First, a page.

Jonathan W. McLachlan1,2, Richard J. Flavel1, Chris N. Guppy1, Richard J. Simpson2, Rebecca E. Haling2
1 University of New England, School of Environmental and Rural Science, Armidale, NSW, 2351, email@example.com
2 CSIRO Agriculture and Food, GPO Box 1700, Canberra, ACT, 2601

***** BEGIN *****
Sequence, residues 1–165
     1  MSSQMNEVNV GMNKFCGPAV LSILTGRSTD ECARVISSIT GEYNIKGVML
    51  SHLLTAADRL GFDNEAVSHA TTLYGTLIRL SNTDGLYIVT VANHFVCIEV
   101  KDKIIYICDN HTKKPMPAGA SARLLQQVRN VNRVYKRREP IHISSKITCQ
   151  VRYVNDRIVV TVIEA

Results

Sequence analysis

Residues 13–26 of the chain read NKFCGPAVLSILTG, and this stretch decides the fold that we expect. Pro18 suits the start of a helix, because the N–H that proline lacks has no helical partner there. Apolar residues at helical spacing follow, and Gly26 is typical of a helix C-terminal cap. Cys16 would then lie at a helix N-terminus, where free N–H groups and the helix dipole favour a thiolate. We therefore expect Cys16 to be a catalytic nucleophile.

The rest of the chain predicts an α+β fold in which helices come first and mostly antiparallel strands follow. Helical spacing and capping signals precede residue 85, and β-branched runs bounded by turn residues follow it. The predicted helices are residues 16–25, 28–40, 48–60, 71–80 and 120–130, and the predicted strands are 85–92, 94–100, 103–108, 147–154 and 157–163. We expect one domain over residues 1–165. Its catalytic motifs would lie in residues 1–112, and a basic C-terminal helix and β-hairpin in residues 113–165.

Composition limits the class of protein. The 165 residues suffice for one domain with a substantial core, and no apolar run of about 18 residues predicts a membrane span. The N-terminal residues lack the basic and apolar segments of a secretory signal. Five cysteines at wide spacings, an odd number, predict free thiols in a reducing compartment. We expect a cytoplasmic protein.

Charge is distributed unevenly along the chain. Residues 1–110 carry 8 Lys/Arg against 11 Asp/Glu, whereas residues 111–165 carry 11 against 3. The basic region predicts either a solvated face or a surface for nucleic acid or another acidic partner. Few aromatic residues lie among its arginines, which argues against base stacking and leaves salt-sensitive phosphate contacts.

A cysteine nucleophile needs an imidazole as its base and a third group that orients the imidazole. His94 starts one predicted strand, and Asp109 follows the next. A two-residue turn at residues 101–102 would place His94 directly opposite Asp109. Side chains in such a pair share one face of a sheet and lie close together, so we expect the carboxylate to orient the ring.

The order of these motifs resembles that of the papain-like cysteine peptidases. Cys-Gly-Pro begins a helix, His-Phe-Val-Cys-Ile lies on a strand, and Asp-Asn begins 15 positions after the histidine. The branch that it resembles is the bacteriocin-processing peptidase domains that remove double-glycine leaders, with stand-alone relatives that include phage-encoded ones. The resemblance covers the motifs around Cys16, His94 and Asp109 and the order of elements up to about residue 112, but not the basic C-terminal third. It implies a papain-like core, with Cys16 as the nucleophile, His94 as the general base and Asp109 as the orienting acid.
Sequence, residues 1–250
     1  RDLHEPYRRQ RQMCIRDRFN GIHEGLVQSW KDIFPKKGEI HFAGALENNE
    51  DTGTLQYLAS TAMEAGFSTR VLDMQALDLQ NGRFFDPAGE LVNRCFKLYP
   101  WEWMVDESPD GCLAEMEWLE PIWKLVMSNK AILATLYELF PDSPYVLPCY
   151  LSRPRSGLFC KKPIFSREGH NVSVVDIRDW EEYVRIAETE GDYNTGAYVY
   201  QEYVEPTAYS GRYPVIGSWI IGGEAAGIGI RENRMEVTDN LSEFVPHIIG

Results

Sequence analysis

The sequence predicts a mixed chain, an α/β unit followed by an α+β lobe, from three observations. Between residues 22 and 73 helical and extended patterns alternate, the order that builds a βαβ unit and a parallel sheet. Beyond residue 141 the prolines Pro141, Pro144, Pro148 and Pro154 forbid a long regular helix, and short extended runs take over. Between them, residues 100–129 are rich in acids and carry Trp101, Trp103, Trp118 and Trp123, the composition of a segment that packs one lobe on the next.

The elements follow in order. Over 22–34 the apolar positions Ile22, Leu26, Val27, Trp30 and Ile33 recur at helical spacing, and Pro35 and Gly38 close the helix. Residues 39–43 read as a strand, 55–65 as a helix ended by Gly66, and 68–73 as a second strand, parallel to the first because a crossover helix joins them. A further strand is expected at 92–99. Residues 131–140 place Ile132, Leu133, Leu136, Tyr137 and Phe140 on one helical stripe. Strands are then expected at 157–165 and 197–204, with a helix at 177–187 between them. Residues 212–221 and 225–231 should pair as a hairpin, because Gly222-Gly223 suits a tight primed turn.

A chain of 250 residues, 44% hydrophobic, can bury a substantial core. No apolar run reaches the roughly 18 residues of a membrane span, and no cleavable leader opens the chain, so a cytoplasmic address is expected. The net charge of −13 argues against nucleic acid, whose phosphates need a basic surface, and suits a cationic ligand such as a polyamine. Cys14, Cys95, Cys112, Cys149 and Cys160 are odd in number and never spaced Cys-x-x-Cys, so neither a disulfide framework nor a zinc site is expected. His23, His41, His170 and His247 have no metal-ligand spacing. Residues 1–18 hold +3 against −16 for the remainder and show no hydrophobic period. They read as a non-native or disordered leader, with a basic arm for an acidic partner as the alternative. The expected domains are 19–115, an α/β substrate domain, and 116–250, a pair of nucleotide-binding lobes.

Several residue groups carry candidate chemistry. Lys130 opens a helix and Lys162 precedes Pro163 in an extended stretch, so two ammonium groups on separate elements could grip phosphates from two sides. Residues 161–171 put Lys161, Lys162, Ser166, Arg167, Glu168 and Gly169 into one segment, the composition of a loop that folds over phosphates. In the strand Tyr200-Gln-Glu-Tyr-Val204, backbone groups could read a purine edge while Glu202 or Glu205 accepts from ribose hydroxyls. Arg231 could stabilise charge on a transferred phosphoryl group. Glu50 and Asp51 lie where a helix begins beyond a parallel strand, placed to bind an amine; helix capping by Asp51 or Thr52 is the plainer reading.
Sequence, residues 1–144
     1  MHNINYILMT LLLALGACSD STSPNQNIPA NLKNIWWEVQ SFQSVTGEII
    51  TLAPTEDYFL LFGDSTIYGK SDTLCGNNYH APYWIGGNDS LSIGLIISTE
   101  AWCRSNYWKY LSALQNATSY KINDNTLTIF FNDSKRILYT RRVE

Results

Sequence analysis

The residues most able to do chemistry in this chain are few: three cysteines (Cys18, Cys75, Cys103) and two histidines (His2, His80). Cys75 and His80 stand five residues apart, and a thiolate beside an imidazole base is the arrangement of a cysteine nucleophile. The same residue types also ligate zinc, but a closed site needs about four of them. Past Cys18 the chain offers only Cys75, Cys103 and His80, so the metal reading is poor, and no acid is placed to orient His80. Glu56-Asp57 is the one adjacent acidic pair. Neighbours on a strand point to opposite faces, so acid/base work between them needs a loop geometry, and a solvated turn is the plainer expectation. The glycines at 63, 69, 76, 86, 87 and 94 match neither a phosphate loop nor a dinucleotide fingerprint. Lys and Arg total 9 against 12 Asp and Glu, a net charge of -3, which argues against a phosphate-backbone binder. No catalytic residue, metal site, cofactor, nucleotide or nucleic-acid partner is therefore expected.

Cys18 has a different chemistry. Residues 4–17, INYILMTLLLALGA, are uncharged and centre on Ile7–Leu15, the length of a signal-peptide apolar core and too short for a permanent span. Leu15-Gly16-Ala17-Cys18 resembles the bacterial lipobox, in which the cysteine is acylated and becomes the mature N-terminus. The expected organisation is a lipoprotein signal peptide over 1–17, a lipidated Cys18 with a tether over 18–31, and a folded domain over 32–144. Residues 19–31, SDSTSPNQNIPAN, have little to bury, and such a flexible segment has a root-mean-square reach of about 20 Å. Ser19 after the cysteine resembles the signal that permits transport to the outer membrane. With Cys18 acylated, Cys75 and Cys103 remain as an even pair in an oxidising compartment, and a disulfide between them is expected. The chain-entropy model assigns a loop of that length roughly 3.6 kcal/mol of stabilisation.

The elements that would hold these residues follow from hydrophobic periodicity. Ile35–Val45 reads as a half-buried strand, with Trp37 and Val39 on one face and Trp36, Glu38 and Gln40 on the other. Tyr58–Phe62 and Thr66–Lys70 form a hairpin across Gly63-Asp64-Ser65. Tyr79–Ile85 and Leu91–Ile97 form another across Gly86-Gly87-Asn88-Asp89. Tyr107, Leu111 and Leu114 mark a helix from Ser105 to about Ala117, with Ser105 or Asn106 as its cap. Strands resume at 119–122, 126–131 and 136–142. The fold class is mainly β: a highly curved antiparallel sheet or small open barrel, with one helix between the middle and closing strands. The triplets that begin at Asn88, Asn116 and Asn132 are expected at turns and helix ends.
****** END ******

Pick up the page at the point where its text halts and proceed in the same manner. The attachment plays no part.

Phosphorus (P) is usually concentrated in the uppermost layers of the soil profile under pasture, hence topsoil root allocation is important for maximising P acquisition. However, total root length was recently found to be a marginally better predictor of variation in P uptake among twenty-six genotypes of subterranean clover (Trifolium subterraneum L.) when compared to topsoil root length alone. This result prompted a preliminary assessment of P acquisition by subsoil roots. Micro-swards of two cultivars were grown with a topsoil layer that was either P-deficient or amended with P for improved plant growth, overlying a low-P subsoil that contained 32P-labelled phosphate. Both cultivars produced less shoot dry mass under P constraint, and the cultivar that allocated more root length to the subsoil layer produced a larger shoot dry mass in the P-deficient soil. This cultivar also recovered more 32P-labelled phosphate from the subsoil layer in both P treatments. Therefore, variation exists for subsoil P acquisition and this trait may be important for determining shoot yield in P-deficient soil.